Showing himself to be a terrific drummer, Andrew Gallo is well cast as Mick Avory and Garmon Rhys gives a touching portrayal as reserved bassist Pete Quaife. Praise must also go to Lisa Wright as Ray’s spirited wife Rasa – her duets with O’Donnell and solo performance of the romantic ballad I Go To Sleep are beautiful.

There are many highlights – we see how the raucous guitar riff of You Really Got Me came to be, how the group got themselves banned from America, relive England’s 1966 World Cup victory with Sunny Afternoon, there’s a stunning a cappella rendition of Days and a rousing Lola finale which has the audience up on its feet.

A large set constructed of multiple speakers provides a suitable backdrop, multi-tasking as required to represent a bedroom, concert hall or recording studio. Talking of speakers, at times it feels there is a sound conflict between instruments and vocals, with the latter being slightly drowned out. That said, this is dark and dirty rock ‘n’ roll, and if it isn’t loud, it doesn’t count.

More than just a jolly jukebox musical, Sunny Afternoon packs an emotional punch, exploring the pitfalls of success, battles with management and tensions within the band – particularly the difficult relationship between the two Davies brothers. There is a raw, emotive quality to Ray Davies’ lyrics, reflecting not only his reality but the reality of many, which is perhaps why the music and story of The Kinks have transferred so well to theatre and continues to capture the imagination of audiences.

Vibrantly nostalgic, funny and heartfelt, the current UK tour is due to wrap up in May, be sure to catch it.


Runs until 22 April 2017 and on tour

Image: Kevin Cummins


The Play That Goes Wrong – Grand Theatre, Wolverhampton 

This review was originally published on The Reviews Hub

Mischief Theatre Company’s The Play That Goes Wrong started life as a one-act play, performed in a tiny room above a pub. Back in 2012, LAMDA graduates Henry Lewis, Jonathan Sayer and Henry Shields worked in Gourmet Burger Kitchen, a call centre and behind a bar during the day and performed their play at night. Fast forward five years and the hit comedy has received multiple awards and is currently enjoying successful runs in the West End, on Broadway and in theatres around the UK.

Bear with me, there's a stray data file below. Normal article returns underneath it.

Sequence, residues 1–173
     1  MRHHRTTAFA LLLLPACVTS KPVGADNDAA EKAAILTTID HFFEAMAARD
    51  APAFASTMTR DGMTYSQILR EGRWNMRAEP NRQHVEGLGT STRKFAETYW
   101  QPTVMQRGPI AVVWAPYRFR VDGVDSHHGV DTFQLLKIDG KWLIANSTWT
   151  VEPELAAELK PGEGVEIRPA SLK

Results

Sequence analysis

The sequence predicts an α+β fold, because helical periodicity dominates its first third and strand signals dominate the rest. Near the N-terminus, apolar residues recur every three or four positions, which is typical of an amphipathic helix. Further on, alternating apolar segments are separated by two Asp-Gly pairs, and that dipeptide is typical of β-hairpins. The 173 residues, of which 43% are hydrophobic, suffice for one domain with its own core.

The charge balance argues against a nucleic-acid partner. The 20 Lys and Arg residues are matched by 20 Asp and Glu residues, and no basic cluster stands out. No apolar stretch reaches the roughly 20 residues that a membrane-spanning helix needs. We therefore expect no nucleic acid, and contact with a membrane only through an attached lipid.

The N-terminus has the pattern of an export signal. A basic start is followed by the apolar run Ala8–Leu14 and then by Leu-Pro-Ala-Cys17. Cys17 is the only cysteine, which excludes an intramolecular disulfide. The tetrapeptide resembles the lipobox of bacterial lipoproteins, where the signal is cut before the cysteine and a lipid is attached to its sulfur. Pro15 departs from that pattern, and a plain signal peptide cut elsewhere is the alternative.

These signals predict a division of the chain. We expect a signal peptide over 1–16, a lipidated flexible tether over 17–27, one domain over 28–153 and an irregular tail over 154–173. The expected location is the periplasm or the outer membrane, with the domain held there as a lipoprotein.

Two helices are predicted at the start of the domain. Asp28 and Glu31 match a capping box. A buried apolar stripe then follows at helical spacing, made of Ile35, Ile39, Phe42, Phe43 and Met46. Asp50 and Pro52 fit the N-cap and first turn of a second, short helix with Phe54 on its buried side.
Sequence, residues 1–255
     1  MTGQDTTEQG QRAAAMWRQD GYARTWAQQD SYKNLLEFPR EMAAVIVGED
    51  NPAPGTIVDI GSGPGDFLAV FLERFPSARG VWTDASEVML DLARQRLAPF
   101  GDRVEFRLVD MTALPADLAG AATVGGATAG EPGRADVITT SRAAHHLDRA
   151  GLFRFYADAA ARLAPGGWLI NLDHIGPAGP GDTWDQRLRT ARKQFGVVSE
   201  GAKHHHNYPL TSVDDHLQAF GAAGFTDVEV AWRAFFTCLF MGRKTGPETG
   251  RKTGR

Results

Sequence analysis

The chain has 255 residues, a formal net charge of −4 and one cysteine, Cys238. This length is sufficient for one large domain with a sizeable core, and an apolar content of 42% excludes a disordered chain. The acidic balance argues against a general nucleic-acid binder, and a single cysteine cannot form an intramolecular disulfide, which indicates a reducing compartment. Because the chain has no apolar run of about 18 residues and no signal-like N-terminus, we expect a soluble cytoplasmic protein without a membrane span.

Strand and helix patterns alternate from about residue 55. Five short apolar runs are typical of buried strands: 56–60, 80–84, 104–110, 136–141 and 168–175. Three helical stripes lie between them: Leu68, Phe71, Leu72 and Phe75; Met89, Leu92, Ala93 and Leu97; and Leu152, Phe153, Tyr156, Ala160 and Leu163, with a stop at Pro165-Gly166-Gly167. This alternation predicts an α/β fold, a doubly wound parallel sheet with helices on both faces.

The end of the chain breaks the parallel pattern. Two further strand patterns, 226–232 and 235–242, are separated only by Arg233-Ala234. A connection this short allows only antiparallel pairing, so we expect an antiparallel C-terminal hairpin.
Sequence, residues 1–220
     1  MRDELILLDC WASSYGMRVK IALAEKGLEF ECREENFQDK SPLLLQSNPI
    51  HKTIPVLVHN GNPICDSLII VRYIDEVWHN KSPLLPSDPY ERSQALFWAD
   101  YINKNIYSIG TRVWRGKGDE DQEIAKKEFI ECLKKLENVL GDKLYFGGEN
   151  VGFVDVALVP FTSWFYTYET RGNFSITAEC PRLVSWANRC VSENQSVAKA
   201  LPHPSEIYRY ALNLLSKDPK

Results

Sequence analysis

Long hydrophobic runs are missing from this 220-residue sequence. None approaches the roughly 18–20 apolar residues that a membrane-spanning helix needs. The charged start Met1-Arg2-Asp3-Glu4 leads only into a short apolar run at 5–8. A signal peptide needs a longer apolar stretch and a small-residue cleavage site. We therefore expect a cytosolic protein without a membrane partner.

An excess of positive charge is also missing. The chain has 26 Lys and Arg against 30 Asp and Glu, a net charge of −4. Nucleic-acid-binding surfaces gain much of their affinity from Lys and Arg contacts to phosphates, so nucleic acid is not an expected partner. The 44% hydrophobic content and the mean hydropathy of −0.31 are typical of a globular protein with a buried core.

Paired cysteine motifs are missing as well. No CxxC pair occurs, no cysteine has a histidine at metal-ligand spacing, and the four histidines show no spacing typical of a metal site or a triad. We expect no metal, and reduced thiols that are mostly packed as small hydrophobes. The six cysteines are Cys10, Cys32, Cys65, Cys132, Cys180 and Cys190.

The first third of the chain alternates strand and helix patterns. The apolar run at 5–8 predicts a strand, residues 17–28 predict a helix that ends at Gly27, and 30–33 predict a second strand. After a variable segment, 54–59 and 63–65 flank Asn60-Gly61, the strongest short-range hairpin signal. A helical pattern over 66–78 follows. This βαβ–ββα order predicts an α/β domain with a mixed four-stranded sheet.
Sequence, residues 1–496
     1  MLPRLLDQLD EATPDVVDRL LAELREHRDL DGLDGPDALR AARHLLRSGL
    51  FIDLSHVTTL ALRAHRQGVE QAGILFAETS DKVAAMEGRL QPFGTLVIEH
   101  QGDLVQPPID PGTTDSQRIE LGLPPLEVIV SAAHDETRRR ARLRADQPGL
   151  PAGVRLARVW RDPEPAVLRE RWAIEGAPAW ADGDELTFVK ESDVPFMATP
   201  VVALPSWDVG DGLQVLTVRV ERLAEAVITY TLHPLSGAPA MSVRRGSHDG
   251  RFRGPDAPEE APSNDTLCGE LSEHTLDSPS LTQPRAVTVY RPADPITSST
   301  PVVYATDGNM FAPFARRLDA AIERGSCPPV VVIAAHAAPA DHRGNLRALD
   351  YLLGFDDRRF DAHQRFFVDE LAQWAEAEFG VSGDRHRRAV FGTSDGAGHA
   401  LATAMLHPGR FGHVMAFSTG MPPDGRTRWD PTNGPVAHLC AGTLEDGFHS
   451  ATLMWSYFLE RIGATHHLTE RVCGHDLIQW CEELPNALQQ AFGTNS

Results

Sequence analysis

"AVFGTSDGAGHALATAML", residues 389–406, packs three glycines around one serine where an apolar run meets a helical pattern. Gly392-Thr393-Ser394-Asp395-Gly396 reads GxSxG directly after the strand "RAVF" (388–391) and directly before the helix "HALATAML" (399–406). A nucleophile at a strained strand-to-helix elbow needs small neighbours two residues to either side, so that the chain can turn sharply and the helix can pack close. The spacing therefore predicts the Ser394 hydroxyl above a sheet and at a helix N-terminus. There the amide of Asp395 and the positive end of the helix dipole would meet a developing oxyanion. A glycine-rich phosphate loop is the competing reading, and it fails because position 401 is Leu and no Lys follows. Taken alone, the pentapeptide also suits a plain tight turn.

In a good-natured parody of amateur theatre, mayhem ensues when The Cornley Polytechnic Drama Society attempt to stage 1920s murder mystery Murder at Haversham Manor. The hapless players lurch from one disaster to the next, and everything that can go wrong, does go wrong – there are doors that won’t open, cues that are missed, a leading lady with concussion and a set teetering on the brink of collapse.

Right from the off, it’s genuinely laugh-out-loud funny and clear to see why this play-within-a- play has been such a hit. Starting before the audience has even taken their seats, the society’s director Chris Bean (Patrick Warner) runs around the theatre foyer in a blind panic, setting the tone for the hysteria that is to follow.

On stage, there is seriously fast-paced comedy, slapstick and farce. A bit like Mr Bean meets Monty Python, it’s utterly silly but really good fun, and technically, spot on. Expertly choreographed by director Mark Bell, parts of the set collapse and various cast members are knocked out cold but the show must go on, and in true British-style, they soldier on, determined to finish what they started.

The small ensemble cast is incredibly tight, executing perfectly timed slapstick and gags at a ferocious pace. There are no weak links, like a neat puzzle of an abstract picture; each member contributes to the hilarity and in turn, the success of the production. Alastair Kirton’s portrayal of the affable Max Bennett, who plays Cecil Haversham in the murder mystery is particularly fun, as is Katie Bernstein, as the stage manager/come unexpected understudy and Graeme Rooney as the lazy lighting and sound operator Trevor.

At times there is so much physical comedy happening on stage and the laughter from the audience justifiably loud, it’s difficult to catch all of the dialogue and some jokes are missed. However, it takes a lot of skill to make chaos look like chaos, without it actually just looking like a mess, and that is successfully achieved here. Yes, situations overplayed and roles are hammed up to the max, but with tongue firmly in cheek, it is a hilarious and inspired caricature of amateur dramatics.

Some of the jokes are a bit dragged out, and if you are after some sophisticated comedy, this might not be for you. However, it is funny, clever and thoroughly enjoyable and goes down a storm with the audience. The Play That Goes Wrong undoubtedly gets it right.


Runs until 8 April 2017

Image: Helen Murray


Girl 99 by Andy Jones

Girl 99 is the new novel by Andy Jones, best-selling author of The Two of Us and The Trouble with Henry and Zoe.

51jezmyssml-_sx331_bo1204203200_1After a messy break up with his girlfriend Sadie on Christmas Eve, Tom realises that she wasn’t The One, she was just The One For Now. She was also, he realises, after listing all of his previous relationship/flings/liaisons – girl number 85.